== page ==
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Wednesday, May 26, 1999 Published at 00:38 GMT 01:38 UK

World: Europe

Irish council calls for church reform

Cork Council wants to see the Catholic Church ordain women

The local authority for Ireland's largest county has called on the Roman Catholic Church to make the vow of celibacy for priests and nuns optional - to reverse the trend of falling vocations.

Church authorities should view the dwindling numbers entering religious life as "an urgent matter", according to a motion passed unanimously by Cork County Council at its monthly meeting.

The Church should also consider ordaining women, it said.

Councillor Conor O'Callaghan, who proposed the motion, said the council should use its weight to press for radical reform of the church, and added that the current trend could also damage local communities.

'Priests play a valuable role'

"Apart from spiritual and moral guidance given by priests, they perform a significant role in the social and semi-economic life of a community", he said.

"They deal with many problems and are involved in many organisations that help make up a community.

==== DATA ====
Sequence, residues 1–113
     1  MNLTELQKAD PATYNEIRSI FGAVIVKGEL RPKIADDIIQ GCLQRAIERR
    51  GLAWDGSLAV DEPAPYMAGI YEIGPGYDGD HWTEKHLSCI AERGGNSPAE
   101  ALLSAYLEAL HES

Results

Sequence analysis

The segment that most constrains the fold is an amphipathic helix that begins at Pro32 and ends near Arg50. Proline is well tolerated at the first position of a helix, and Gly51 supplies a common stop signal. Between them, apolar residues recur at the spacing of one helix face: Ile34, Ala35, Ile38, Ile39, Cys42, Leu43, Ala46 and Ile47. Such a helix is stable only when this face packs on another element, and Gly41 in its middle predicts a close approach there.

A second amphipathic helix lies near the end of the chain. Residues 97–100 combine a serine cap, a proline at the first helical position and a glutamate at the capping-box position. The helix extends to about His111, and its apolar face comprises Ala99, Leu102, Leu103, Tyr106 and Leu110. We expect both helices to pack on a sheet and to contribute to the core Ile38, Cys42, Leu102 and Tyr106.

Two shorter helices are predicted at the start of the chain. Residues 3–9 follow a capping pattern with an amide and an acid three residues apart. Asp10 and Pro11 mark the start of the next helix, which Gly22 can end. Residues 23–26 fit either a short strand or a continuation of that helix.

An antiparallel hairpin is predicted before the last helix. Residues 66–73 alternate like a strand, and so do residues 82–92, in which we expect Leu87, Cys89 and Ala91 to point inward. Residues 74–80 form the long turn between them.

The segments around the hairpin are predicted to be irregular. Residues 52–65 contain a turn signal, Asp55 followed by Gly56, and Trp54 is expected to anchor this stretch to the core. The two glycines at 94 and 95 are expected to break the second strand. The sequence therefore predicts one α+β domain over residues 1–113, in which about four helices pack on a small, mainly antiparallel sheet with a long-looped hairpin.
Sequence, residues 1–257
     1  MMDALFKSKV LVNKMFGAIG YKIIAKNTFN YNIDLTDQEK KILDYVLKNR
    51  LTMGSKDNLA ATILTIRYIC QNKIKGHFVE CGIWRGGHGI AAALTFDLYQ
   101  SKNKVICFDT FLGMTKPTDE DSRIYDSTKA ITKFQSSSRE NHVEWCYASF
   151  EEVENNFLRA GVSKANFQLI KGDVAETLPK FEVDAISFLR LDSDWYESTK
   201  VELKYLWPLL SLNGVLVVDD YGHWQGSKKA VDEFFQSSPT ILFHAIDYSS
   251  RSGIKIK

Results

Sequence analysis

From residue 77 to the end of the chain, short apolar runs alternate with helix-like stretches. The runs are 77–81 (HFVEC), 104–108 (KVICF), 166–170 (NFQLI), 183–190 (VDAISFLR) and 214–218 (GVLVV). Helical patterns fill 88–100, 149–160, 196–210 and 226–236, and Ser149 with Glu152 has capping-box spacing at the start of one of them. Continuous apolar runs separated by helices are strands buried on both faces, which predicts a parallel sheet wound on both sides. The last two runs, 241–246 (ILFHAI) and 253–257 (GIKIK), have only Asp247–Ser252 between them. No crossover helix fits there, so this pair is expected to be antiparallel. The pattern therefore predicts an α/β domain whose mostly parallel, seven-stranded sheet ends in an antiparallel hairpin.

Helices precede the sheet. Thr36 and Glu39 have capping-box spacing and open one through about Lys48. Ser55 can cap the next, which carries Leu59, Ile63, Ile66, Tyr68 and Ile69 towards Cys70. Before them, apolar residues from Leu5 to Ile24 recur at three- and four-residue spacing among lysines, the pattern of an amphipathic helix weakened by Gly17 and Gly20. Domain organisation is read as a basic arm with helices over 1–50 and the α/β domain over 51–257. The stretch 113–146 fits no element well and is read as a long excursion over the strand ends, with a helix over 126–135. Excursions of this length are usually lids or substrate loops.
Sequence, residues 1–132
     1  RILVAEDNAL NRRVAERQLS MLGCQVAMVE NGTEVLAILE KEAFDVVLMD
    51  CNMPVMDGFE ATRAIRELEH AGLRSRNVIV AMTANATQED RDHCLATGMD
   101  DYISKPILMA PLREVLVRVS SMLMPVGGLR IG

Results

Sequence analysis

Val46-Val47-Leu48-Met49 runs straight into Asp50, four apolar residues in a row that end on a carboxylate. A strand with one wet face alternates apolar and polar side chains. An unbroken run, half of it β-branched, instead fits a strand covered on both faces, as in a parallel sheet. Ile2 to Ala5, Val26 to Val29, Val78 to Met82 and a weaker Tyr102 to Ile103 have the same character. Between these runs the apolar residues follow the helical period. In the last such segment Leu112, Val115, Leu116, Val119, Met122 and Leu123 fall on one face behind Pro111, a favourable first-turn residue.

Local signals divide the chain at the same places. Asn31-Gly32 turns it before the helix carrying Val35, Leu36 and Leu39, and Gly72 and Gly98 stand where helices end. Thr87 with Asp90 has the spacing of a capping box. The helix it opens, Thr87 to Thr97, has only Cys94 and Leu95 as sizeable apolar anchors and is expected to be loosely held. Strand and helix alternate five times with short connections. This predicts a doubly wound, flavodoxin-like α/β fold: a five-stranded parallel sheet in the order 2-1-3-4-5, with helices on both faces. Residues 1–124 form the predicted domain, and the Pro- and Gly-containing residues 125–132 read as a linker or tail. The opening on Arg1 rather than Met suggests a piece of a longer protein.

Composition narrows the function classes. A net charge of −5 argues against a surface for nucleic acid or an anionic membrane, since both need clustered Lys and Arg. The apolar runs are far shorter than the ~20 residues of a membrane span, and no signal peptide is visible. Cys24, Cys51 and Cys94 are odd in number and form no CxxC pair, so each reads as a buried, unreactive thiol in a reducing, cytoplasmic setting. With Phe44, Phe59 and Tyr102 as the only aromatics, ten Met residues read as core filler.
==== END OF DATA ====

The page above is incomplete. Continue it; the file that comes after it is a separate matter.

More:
"It is a very valuable role and if that is eroded it will be felt very badly."

He said: "I am not proposing an argument on behalf of the Church. I am simply expressing a view held by the vast majority of the Irish people."

Support for women priests

The number of priests ordained last year was just a sixth of the number who took Holy Orders nearly 30 years ago, said Mr O'Callaghan.

Almost half the priests in Ireland were at retirement age, and with high numbers of younger priests abandoning their vocation the clerical population in Ireland was expected to drop drastically over the next 10 years.

Three people in every five in Ireland currently back calls for the Church to ordain women as priests and Mr O'Callaghan believed similar numbers were in favour of allowing priests to marry.

The motion was passed without a dissenting voice at Monday's meeting of the Council. A spokesman for Cork County Council said: "It's not normal council business."

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